An article within "Information Management
" identified a government thrust against encryption.
There is a movement underway
to legislate a right to a government to have access to all security keys (on demand) and algorithms.
The security branches want the right to snoop, to monitor, and to even modify messages.
As I see it, if the government has the rights to the encryption algorithms and host keys, then it will not at all be long before the hackers get the same.
The reason I think it is dangerous for governments to get those items is, , as I see it, that within a very short time, the system that the government uses will be centralized. It will also be compromised and the major interbank inter-governement communications will be in peril. Foreign governments will be able to do hacking.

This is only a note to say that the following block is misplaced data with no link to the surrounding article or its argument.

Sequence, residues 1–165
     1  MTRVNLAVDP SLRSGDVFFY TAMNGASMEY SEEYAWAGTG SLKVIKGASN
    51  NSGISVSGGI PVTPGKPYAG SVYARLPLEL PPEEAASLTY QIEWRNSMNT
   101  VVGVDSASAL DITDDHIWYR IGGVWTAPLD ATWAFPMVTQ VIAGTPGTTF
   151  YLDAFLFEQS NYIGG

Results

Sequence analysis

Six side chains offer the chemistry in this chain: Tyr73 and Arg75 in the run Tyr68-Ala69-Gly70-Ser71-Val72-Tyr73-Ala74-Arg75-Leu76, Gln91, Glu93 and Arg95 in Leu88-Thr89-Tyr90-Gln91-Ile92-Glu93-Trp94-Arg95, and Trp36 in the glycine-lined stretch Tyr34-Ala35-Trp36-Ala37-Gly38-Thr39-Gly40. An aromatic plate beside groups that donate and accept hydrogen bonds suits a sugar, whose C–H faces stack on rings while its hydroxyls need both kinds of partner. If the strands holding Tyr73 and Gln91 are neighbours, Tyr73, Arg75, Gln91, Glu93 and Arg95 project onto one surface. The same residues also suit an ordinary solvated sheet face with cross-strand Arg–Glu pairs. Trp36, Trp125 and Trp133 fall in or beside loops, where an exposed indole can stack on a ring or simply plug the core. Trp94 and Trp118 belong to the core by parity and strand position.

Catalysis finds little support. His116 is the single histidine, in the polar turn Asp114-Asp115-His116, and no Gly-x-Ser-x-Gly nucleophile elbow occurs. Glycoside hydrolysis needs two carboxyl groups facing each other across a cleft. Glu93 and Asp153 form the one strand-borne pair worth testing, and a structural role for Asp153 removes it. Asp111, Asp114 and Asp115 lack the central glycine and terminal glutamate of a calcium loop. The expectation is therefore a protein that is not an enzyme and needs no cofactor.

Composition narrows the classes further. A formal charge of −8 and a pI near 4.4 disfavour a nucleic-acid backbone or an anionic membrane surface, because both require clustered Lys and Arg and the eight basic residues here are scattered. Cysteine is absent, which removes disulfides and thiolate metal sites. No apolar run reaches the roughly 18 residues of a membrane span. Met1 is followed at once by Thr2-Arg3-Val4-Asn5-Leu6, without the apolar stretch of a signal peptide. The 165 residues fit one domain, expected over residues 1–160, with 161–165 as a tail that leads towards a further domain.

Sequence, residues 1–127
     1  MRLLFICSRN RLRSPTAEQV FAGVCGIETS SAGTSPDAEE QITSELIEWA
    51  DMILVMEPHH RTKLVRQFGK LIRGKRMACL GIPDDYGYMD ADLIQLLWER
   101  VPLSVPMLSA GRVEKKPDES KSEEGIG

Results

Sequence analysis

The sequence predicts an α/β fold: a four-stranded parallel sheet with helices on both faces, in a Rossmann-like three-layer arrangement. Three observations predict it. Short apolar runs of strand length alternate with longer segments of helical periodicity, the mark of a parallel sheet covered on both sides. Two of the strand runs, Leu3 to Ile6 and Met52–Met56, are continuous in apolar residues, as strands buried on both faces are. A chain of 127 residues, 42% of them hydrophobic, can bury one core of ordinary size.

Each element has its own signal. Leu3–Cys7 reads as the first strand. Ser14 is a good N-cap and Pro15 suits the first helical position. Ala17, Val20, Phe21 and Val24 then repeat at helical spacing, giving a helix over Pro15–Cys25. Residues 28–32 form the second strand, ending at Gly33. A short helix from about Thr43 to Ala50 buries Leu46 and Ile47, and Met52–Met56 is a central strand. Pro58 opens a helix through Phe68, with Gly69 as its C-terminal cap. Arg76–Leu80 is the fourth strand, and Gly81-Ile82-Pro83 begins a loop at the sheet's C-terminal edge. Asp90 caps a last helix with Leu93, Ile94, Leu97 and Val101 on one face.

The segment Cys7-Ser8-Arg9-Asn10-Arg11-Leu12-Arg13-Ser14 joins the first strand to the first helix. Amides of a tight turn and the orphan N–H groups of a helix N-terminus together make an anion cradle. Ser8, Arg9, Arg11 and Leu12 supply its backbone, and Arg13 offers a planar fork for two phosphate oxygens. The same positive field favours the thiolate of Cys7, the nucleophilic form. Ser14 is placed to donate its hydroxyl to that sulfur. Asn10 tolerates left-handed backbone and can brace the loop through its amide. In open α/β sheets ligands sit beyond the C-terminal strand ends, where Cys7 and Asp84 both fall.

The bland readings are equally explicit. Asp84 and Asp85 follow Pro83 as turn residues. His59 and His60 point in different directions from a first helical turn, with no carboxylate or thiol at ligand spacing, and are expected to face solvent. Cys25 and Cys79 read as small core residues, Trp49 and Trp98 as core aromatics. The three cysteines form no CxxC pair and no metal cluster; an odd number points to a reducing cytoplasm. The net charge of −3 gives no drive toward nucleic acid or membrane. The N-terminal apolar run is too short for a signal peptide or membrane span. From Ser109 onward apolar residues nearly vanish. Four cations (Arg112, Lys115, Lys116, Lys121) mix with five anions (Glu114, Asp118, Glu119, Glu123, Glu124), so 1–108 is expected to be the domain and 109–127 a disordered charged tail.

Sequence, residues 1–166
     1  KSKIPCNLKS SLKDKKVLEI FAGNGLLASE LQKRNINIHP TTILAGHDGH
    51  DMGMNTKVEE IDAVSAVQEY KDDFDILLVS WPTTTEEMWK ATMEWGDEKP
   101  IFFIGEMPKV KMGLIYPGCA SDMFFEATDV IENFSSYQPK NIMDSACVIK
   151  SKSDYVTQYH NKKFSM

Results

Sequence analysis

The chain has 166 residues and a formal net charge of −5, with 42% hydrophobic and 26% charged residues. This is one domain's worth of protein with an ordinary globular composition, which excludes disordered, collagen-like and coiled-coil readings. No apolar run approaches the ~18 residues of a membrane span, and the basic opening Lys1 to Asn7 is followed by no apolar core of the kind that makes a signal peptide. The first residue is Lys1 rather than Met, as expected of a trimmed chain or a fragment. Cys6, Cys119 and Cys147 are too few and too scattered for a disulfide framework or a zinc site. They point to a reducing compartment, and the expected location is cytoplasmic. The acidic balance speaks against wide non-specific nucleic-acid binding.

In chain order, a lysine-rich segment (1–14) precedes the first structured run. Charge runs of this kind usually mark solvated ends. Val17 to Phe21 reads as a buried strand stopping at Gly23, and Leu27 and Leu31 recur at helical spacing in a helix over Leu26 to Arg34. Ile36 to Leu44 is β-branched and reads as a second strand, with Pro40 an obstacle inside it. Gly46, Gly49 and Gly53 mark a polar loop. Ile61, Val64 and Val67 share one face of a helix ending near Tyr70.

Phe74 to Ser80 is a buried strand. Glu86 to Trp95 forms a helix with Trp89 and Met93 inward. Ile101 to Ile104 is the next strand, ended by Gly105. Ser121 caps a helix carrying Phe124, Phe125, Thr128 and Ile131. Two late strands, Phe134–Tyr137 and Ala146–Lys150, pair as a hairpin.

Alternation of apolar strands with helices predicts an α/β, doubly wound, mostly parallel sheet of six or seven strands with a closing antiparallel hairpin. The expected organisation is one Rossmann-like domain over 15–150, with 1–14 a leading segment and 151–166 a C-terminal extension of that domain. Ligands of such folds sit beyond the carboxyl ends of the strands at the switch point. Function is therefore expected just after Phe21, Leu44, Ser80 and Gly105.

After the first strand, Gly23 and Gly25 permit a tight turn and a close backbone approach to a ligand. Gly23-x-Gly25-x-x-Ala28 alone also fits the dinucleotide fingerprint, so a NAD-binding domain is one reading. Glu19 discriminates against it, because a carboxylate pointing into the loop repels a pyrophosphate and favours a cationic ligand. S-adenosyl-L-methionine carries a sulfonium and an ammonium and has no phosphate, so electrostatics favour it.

Currently governments, banks and other financial institutions use encrypted traffic. Banks have a code book, and for a given day, the day's keys are retrieved. The text within the message is check summed, and compared against a codebook representing the sending organization.
Americans have the right to privacy. Does it extend to your messaging, and that includes your financial (bank, insurance, credit card, stuff, purchases, etc). We Canadians do not, as far as I know, have that constitutional right to privacy. We do have legal rights to privacy that a judge can overrule.
I am wondering how it will turn out. Status-quo, or new rules?